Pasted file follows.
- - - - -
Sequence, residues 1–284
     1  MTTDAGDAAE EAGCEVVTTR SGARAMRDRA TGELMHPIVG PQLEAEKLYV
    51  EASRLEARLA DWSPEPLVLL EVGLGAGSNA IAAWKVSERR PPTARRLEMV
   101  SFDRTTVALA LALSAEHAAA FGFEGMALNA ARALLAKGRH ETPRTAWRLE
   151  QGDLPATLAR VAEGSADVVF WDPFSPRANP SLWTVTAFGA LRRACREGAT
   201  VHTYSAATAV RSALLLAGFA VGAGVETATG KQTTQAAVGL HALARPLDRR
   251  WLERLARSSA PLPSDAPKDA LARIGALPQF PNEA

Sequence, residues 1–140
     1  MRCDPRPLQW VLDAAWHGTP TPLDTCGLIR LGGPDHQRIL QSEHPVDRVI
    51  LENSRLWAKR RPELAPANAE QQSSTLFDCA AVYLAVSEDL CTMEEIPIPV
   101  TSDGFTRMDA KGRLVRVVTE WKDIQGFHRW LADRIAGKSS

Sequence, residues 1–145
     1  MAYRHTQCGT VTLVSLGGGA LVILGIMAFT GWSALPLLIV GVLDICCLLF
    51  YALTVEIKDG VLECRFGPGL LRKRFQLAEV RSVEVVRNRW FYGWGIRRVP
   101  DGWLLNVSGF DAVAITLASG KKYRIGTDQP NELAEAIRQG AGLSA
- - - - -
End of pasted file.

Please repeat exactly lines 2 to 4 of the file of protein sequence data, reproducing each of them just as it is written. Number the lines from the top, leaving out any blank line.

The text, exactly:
     1  MTTDAGDAAE EAGCEVVTTR SGARAMRDRA TGELMHPIVG PQLEAEKLYV
    51  EASRLEARLA DWSPEPLVLL EVGLGAGSNA IAAWKVSERR PPTARRLEMV
   101  SFDRTTVALA LALSAEHAAA FGFEGMALNA ARALLAKGRH ETPRTAWRLE